While the use of co-tenancies has been justifiably recommended by attorneys advising foreign clients in connection with the estate planning aspect of their real estate acquisitions, it should be pointed out that the necessity of obtaining the signature of all co-tenants in order to convey full fee simple title to a third party can create some difficulties where the other co-tenants may be difficult to reach and/or their relationship may have deteriorated and cooperation from them may be hard to obtain. On the other hand, a tenancy by the entirety provides some asset protection to those foreigners who do not qualify for the homestead protection from creditors otherwise, as collection into such property is only possible i f a judgment exists against both husband and wife.
Real Property Ownership Through A Corporate Entity
For estate planning or liability purposes, foreign investors may be advised by their attorney to purchase real estate in the name of a domestic or foreign corporation (or as tenants by the entirety as stated above). The advantages of owning real estate through a corporate or similar business entity has numerous advantages which are discussed in this article. It should be noted, however, that these advantages come at a cost. In addition to the annual fees and additional accounting requirements which wi ll be required for the proper maintenance of corporate fonnalities, financing will be more difficult and costly to obtain (larger equity in the property required, higher interest rate, personal guarantees of foreigners) and insurance premiums for the property will probably also be higher. Consequently, the typical foreign investor, in light of his own personal situation should balance the potential advantages and costs of corporate ownership before setting up sophisticated corporate structures for real estate purposes. On the other hand, where foreigners can take advantage of double tax avoidance treaties, they might have a significant advantage exempting property from estate taxation in the United States by holding it through a corporate entity.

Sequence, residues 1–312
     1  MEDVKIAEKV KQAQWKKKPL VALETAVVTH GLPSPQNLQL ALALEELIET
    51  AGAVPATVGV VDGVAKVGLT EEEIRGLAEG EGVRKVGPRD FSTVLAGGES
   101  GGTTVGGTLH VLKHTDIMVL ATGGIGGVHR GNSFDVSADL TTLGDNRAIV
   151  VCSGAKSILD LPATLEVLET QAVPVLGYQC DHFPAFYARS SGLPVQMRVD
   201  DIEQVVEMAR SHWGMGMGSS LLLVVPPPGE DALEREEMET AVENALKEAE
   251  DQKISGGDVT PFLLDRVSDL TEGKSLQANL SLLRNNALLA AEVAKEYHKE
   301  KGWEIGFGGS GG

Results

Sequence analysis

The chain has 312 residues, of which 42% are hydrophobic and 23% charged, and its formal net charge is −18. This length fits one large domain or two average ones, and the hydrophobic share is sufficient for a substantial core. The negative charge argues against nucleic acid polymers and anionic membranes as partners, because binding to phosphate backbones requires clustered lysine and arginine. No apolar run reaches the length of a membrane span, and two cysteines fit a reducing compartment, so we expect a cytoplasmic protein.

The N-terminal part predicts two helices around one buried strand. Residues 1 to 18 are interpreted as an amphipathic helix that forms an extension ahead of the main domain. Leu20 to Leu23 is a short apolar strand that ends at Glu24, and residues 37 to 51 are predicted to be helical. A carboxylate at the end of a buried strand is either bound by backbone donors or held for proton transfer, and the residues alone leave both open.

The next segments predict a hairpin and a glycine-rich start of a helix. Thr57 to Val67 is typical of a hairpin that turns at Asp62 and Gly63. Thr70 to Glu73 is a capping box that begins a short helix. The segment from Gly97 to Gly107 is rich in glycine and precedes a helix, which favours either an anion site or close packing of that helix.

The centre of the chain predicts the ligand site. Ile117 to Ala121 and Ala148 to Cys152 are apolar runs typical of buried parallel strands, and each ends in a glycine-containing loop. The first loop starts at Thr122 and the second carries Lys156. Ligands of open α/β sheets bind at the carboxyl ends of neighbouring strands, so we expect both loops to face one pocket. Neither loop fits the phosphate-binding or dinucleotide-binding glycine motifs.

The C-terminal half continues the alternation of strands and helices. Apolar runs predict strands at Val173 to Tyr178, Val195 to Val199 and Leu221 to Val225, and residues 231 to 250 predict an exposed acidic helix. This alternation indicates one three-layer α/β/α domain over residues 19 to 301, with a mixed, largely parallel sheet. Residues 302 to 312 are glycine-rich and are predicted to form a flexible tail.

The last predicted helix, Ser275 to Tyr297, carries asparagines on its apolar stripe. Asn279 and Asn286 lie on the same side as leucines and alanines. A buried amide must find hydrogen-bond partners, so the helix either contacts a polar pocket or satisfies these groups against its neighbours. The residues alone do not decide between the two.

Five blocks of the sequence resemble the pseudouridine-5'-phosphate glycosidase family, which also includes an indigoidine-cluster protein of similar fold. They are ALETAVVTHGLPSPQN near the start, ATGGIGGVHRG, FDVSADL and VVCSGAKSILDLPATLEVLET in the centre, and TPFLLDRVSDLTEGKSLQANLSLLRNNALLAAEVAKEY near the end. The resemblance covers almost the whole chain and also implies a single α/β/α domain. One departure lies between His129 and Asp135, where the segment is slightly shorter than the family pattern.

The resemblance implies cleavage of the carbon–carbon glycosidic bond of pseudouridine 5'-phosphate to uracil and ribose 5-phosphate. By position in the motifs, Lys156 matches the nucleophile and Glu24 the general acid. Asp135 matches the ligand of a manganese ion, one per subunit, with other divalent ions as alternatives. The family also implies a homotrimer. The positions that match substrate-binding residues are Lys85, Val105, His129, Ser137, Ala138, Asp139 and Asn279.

Some estate planners may recommend the use of a trust or '·Florida Land Trust" under certain circumstances. Most trusts grant the power to hold, manage and convey the property to one or more trustees who m ust perform their duties in the best interest and for benefit of the beneficiaries of the trust. Under certain types of trusts, the trustee(s) may also be beneficiaries of the trust (grantor trusts). Dependi ng on the language of each trust agreement, the powers of trustees can be more or less restricted to fit the specific intent and purpose of the individual(s) creating said trusts. There are several types of trust agreements (revocable, non-revocable, land trusts, etc.). The choice of a specific type of trust should only be made after consulting a specialized professional.
When selecting a form or method of real estate ownership, foreign investors should seek professional advice, and should not only consider the tax and estate planning ramifications of their choice, but also consider the short- and long-term costs which will result from their choice (facilities i n obtaining).